Top Ten Watering Tips

1. Don’t drown

The greatest waste of water comes from applying too much, too often — much of the water is never absorbed. Instead of watering for one long session, water a few times for shorter periods and take 15-minute breaks in between each session. This will allow water to soak in, while minimizing runoff.

2. Watch the clock

Water when the sun is low, winds are calm and temperatures are cool – early mornings and evenings are best. Mid-day watering tends to be less efficient because of water loss due to evaporation and windy conditions during the day.

3. Divide by zones

Different plants need different amounts of water. Divide your yard and landscape areas into separate irrigation zones so that grass can be watered separately and more frequently than groundcovers, shrubs and trees. Both sprinkler and drip irrigation can be incorporated to achieve more efficient use of water.

4. Water only things that grow

If you have an underground sprinkler system, make sure the sprinkler heads are adjusted properly to avoid watering sidewalks and driveways. A properly adjusted sprinkler head should spray large droplets of water instead of a fine mist to minimize evaporation and wind drift.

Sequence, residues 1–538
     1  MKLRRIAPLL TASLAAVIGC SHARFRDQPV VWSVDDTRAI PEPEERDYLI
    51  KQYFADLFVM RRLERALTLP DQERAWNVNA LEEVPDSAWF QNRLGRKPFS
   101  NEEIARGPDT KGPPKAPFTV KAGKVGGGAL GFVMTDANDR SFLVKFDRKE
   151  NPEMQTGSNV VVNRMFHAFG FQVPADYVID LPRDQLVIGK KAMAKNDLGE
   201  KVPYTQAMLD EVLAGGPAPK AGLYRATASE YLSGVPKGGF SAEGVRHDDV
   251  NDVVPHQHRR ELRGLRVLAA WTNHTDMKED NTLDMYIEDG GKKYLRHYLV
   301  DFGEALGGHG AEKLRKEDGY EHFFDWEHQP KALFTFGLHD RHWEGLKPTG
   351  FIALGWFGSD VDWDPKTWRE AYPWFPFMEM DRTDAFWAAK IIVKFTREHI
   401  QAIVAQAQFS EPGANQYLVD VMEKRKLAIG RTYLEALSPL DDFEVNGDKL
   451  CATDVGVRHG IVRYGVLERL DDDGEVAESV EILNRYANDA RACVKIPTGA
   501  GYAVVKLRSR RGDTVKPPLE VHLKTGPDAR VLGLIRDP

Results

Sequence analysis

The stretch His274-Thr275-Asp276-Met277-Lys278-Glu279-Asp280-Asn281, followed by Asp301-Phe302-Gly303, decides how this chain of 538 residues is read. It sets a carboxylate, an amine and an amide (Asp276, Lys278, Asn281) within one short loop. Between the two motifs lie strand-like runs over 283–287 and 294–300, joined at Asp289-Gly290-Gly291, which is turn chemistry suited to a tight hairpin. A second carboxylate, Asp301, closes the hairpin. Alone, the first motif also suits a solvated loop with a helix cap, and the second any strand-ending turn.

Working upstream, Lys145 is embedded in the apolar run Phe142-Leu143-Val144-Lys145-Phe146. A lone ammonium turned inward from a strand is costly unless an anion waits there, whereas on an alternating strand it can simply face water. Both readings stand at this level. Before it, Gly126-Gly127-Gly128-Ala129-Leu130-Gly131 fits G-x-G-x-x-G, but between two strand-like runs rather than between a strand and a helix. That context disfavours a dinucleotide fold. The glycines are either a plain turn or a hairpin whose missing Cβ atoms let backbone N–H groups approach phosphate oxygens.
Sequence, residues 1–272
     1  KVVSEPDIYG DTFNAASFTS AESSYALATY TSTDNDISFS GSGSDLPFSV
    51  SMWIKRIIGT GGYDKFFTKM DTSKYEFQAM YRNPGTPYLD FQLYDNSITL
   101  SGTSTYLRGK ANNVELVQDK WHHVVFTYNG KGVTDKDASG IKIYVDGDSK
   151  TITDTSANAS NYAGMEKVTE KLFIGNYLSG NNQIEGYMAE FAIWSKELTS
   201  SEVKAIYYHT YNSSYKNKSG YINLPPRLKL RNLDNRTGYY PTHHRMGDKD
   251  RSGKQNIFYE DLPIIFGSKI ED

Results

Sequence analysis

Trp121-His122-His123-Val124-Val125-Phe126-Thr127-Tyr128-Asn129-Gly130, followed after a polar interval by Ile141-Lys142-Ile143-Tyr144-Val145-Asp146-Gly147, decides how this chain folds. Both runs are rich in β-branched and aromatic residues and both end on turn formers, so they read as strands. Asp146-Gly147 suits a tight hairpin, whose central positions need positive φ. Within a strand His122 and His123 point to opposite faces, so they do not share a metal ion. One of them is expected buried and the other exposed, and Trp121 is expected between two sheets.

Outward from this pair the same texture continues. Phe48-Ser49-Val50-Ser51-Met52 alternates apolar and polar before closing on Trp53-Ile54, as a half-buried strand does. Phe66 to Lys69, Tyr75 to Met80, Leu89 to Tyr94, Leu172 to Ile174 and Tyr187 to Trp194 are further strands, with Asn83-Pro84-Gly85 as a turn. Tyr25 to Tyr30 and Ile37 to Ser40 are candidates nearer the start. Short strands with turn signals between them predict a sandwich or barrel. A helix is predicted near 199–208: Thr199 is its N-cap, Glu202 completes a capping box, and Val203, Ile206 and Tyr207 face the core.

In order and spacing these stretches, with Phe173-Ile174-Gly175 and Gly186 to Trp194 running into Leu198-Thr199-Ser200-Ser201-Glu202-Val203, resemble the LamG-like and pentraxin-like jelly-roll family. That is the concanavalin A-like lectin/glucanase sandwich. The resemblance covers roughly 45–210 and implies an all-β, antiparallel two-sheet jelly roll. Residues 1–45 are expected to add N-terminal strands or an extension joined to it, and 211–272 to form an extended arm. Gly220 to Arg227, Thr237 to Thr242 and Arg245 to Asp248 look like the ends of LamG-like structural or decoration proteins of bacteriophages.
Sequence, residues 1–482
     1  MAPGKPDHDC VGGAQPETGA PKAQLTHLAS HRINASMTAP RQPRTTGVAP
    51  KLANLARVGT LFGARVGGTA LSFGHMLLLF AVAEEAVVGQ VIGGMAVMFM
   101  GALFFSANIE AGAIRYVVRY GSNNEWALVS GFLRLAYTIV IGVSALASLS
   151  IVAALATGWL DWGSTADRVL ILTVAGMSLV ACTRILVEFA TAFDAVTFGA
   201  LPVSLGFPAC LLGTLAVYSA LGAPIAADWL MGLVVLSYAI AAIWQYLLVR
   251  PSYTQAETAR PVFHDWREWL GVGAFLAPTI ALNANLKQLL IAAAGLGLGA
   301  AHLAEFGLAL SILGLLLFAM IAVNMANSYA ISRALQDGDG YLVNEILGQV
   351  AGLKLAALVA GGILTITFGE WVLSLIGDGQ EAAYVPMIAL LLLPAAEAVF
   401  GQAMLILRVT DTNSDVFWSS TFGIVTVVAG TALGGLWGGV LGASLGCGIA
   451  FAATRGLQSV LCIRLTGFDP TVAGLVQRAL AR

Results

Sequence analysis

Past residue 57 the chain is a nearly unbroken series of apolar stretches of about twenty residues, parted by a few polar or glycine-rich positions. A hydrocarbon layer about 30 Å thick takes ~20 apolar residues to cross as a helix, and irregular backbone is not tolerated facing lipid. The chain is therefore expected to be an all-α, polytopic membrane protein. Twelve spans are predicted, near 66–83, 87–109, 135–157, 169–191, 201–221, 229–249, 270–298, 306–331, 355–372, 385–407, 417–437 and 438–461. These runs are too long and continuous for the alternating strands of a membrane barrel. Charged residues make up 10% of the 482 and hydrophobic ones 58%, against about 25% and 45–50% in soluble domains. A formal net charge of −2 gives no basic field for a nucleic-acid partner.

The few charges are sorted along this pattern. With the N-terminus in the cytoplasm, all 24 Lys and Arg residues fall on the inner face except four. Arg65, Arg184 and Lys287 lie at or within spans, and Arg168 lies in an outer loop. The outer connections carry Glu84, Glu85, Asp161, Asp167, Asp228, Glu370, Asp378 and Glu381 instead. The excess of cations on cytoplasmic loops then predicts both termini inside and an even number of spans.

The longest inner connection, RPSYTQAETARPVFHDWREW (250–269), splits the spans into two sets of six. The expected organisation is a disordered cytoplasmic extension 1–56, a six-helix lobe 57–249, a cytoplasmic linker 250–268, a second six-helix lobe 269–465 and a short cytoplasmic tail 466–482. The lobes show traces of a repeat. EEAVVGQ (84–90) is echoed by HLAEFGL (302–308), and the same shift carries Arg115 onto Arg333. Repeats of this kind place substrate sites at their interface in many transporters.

5. Consider dripping

When it comes to watering individual trees, flowerbeds, potted containers, or other nongrassy areas, consider applying water directly to the roots using low volume drip irrigation. This will reduce water waste through evaporation or runoff, and will prevent unwanted weeds from growing.

6. Do routine inspections

Periodically check your sprinklers and hoses to make sure everything is working properly. A clogged head or a torn line can wreak havoc on your landscape.

7. Be rain smart

Adjust your irrigation system as the seasons and weather change. Or better yet, install a shut-off device that automatically detects rain or moisture. These devices are inexpensive and enable you to take advantage of the rain while conserving the water.

8. Set your mower to the right height.

Grass shouldn’t be cut lower than ¾ of an inch. Too short of grass can cause an insufficient root system to develop. A deep root system helps to find water and nutrients in the soil and properly mowed grass can withstand heat and drought.

9. Have a tight seal.

Use plumbers tape to seal the connection from the faucet to hose and sprinkler to minimize the chance of wasted water.

10. Let the lawn go dormant.

Another watering alternative during prolonged drought is to let the lawn go dormant and turn brown. Lawns are amazingly resilient and can tolerate dry conditions for up to 2 months if left alone. Grass will bounce back when rainfall and cooler temperatures return in the fall, especially if it was well fed in the spring.